How to Change the Starter on a Nissan Altimaby Christian Killian
The starter motor on the Nissan Altima is located on the front of the engine and can be changed from the top of the engine compartment. Symptoms of a faulty starter motor can be intermittent functioning of the starter, clicking with no function of the motor when the key is turned and dragging of the motor when trying to start the car. A new starter motor can be purchased from most auto parts stores or the Nissan dealer's parts department. You can also get a used starter from many salvage yards.
Disconnect and isolate the negative battery terminal using a wrench or socket and ratchet to loosen the bolt. The cable needs to be set aside in a spot that will not allow it to fall back and make contact with the battery.
Remove the air cleaner and duct work from the engine on models with an automatic transmission. This step is not needed if your car is a manual transmission model. This will allow more clearance to better reach the starter and connectors.
Remove the protective cover over the starter motor harness to allow access to the harness connector. Remove the electrical connector from the rear of the starter motor by unplugging it and lay it aside for now.
Remove the two mounting bolts from the starter motor with a socket and ratchet. Slide the motor out of the bell housing and lift it straight out of the engine compartment.
Position the new starter in the bell housing and install the two starter mounting bolts. Tighten the bolts with a socket and ratchet until the starter is secure. Insert the electrical connector into the socket at the back of the starter and snap it into place.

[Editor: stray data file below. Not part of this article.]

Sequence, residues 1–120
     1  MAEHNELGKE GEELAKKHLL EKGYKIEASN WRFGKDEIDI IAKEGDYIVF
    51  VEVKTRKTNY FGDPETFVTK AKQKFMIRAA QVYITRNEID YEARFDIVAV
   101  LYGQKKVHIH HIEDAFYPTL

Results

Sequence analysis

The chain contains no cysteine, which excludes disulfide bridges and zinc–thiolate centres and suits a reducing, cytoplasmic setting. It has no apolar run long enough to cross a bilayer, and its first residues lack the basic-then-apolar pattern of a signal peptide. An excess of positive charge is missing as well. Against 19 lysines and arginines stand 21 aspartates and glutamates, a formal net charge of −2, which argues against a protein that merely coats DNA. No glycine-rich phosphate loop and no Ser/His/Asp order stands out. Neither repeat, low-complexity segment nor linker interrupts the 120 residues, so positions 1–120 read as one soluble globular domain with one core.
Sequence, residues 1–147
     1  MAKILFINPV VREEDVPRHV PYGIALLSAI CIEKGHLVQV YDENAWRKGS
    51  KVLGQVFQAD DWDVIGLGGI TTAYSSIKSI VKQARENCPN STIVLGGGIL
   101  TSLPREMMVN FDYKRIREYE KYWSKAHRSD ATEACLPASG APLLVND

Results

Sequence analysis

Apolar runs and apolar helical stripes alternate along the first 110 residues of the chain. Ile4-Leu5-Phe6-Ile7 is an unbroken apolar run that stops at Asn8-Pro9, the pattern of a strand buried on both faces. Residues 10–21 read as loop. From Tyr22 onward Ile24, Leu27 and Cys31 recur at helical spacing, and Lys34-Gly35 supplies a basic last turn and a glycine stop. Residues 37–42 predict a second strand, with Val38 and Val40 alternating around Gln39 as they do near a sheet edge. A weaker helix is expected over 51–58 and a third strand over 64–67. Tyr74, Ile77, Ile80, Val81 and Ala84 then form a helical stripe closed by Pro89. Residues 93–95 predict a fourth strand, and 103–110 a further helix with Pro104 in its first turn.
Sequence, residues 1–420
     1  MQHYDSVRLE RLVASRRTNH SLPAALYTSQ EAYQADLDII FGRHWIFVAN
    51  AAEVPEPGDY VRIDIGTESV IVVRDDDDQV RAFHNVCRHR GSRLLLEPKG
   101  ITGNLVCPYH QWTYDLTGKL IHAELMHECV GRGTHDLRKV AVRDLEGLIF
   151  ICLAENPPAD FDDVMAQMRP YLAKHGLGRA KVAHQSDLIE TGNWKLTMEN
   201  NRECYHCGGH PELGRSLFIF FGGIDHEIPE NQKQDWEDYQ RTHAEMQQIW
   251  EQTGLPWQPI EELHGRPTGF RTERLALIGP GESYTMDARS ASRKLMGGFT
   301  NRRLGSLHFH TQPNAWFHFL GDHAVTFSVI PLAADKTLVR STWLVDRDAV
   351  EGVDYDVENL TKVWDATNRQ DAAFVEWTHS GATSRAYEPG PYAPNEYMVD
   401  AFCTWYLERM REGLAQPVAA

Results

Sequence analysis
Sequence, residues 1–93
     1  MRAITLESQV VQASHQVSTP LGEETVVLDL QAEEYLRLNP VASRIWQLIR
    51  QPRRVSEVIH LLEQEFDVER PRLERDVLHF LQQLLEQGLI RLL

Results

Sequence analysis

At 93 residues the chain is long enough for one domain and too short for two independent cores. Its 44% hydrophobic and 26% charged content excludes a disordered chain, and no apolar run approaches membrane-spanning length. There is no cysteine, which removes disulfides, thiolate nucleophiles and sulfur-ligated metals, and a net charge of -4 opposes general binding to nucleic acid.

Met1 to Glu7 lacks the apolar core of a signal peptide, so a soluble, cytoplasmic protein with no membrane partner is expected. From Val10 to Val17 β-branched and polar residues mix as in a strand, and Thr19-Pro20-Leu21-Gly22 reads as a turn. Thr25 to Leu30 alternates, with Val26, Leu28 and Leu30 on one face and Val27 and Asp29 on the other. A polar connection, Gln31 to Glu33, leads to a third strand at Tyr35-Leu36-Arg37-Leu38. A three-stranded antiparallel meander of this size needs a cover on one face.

Install the protective cover over the harness connector. The cover snaps on and must be used to protect the wiring harness and connector on the back of the starter motor.
Reinstall the air filter and duct work on the engine if you removed it, and reinstall the negative battery terminal on the battery. Tighten the bolt using a wrench or socket and ratchet. Tighten it until it is secure but do not over-tighten it, or you could damage the battery terminal.
- Many auto parts stores will test your starter for no cost if you have it out of the car and bring it to the store. If you are not sure that the starter is bad, this is a good way to determine whether to buy a new starter or look further into the starting system for problems.
Things You'll Need
- Metric wrench set
- Metric socket set
Christian Killian has been a freelance journalist/photojournalist since 2006. After many years of working in auto parts and service positions, Killian decided to move into journalism full-time. He has been published in "1st Responder News" as well as in other trade magazines and newspapers in the last few years.